Wednesday, November 30, 2011

What's so hard about "read the fine print?"

Interesting article today from alarm:clock, complaining about perceived fraud about a deal they purchased from Gilt City for Virgin America flights. Normally, I'd comment right on the site, but that was not an option. In essence, the author is using "Virgin America" and "fraud" as linkbait to, as they fully acknowledge, get a refund. All for the power of the free Internet press; good luck.

My issue here is that they are clearly overlooking the main details:
  • No one made them buy the deal.
  • The deal stated, clearly, among the frankly terrifyingly large amount of fine print:
    • Offer is final sale and nonrefundable.
    • Fares, routes, fees and schedules are subject to change without notice.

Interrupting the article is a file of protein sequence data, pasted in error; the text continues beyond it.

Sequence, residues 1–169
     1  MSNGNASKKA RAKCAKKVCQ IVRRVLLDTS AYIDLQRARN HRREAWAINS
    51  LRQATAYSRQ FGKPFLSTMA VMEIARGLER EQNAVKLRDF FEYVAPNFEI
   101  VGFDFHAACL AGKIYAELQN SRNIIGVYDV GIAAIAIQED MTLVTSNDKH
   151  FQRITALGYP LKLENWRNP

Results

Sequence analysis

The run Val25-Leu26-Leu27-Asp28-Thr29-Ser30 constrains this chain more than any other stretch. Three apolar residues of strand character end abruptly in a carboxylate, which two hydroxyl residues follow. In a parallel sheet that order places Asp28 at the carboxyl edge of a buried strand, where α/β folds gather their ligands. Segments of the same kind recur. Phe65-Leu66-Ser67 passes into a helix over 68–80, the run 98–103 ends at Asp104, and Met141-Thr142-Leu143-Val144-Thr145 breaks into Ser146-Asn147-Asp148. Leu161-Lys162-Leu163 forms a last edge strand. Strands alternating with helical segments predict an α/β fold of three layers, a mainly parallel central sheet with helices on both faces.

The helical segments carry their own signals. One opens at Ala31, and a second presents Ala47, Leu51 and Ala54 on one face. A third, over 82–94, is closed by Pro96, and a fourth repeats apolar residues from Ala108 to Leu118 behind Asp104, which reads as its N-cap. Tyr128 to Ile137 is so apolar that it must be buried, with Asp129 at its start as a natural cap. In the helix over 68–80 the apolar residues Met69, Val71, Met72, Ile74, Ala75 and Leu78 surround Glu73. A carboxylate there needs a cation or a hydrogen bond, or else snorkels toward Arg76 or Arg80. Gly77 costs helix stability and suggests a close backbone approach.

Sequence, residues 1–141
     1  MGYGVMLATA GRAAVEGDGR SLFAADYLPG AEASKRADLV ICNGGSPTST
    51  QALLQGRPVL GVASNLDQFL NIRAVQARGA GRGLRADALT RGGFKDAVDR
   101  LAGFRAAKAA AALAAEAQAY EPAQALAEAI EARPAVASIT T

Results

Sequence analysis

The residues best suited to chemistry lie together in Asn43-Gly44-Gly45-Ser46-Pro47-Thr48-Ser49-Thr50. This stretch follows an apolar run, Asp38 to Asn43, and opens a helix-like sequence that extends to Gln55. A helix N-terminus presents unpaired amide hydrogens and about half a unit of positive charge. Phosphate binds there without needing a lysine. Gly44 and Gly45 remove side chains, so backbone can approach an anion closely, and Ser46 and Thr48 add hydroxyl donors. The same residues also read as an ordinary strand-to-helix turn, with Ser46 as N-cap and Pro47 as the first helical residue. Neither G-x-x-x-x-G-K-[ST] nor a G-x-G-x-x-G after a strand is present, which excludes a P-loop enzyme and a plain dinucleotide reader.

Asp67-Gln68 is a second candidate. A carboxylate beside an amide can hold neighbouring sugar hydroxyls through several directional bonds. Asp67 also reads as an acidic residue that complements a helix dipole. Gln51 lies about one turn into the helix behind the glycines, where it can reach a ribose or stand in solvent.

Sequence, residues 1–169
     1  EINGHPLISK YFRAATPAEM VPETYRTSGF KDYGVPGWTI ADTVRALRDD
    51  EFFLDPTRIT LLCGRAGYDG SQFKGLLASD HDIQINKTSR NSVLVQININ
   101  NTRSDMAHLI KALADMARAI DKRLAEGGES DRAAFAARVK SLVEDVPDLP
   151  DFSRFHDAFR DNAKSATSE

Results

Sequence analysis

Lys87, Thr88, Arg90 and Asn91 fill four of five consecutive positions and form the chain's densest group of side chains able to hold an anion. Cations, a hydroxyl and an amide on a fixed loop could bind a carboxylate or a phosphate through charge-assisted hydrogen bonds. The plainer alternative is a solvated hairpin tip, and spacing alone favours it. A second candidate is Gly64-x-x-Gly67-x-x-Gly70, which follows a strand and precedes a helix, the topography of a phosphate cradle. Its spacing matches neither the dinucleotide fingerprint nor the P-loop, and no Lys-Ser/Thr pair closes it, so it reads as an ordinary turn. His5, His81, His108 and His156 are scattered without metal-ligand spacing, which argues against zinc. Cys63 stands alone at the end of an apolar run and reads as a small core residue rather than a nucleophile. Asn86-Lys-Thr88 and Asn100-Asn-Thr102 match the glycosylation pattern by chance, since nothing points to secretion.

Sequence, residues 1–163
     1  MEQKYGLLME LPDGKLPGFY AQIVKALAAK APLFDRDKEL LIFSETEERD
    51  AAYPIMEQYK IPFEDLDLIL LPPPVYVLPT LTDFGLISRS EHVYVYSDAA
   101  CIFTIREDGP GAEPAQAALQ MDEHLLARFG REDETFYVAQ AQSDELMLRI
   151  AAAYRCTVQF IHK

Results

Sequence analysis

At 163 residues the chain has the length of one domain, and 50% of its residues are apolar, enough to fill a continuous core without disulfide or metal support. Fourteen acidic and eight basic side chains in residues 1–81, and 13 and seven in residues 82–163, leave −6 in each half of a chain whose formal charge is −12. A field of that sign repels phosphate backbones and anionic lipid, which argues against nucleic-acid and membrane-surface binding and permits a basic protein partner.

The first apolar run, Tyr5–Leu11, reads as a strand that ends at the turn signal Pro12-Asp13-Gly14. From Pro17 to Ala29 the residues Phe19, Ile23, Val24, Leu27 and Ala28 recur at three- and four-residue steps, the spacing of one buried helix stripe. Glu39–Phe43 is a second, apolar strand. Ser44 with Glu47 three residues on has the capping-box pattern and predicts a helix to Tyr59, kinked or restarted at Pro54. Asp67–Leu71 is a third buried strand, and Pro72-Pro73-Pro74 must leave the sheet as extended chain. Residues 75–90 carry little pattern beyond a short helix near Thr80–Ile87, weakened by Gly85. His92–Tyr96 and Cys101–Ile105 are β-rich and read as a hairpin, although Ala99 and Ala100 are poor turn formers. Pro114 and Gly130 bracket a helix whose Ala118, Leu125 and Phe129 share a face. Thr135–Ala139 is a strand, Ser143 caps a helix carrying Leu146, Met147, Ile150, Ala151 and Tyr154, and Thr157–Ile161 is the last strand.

• Travel must occur between August 15, 2011 and June 15, 2012.
Honestly, looking at the sheer quantity of conditions to this deal, I would not (and did not) buy it. However, the author did. And then, while acknowledging that they were cognizant of the terms, and that they did not do the diligence to see if there was a route available, knowing full well that was a risk, is now trying to shame VA/Gilt to giving a refund.

What's the right recourse here? I can think of a couple of options.
  • Gilt should offer credit towards future Gilt purchases, in equivalent to 50% of what was paid. The buyer is not out completely, and neither will Gilt be, as they have already paid VA.
  • VA should offer a 20% discount on a future flight to the author.
  • The author can dispute the charge with their credit card company. Let Gilt fight it out with them.
All are legitimate responses for an informed consumer. But using a good journalistic source as a soapbox to try and overcome a mistake made is not great for the author, the publication, or the general industry.

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